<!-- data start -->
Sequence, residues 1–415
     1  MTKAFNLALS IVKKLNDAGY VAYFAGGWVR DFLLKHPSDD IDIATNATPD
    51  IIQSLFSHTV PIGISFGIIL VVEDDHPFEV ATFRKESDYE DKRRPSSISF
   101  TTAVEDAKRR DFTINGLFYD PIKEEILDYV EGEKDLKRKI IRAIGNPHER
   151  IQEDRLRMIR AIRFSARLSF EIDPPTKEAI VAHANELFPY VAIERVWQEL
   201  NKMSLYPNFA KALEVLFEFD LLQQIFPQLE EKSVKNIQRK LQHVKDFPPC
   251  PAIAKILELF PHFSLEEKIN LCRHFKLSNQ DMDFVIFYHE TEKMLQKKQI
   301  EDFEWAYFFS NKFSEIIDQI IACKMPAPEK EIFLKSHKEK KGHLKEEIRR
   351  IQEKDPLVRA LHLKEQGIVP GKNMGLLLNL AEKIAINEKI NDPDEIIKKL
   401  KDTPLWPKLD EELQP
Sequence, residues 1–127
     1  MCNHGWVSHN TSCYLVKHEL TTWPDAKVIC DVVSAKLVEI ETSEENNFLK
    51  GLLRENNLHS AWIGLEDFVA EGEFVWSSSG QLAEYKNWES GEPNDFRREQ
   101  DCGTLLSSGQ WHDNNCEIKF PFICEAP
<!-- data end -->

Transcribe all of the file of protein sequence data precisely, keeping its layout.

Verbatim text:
Sequence, residues 1–415
     1  MTKAFNLALS IVKKLNDAGY VAYFAGGWVR DFLLKHPSDD IDIATNATPD
    51  IIQSLFSHTV PIGISFGIIL VVEDDHPFEV ATFRKESDYE DKRRPSSISF
   101  TTAVEDAKRR DFTINGLFYD PIKEEILDYV EGEKDLKRKI IRAIGNPHER
   151  IQEDRLRMIR AIRFSARLSF EIDPPTKEAI VAHANELFPY VAIERVWQEL
   201  NKMSLYPNFA KALEVLFEFD LLQQIFPQLE EKSVKNIQRK LQHVKDFPPC
   251  PAIAKILELF PHFSLEEKIN LCRHFKLSNQ DMDFVIFYHE TEKMLQKKQI
   301  EDFEWAYFFS NKFSEIIDQI IACKMPAPEK EIFLKSHKEK KGHLKEEIRR
   351  IQEKDPLVRA LHLKEQGIVP GKNMGLLLNL AEKIAINEKI NDPDEIIKKL
   401  KDTPLWPKLD EELQP
Sequence, residues 1–127
     1  MCNHGWVSHN TSCYLVKHEL TTWPDAKVIC DVVSAKLVEI ETSEENNFLK
    51  GLLRENNLHS AWIGLEDFVA EGEFVWSSSG QLAEYKNWES GEPNDFRREQ
   101  DCGTLLSSGQ WHDNNCEIKF PFICEAP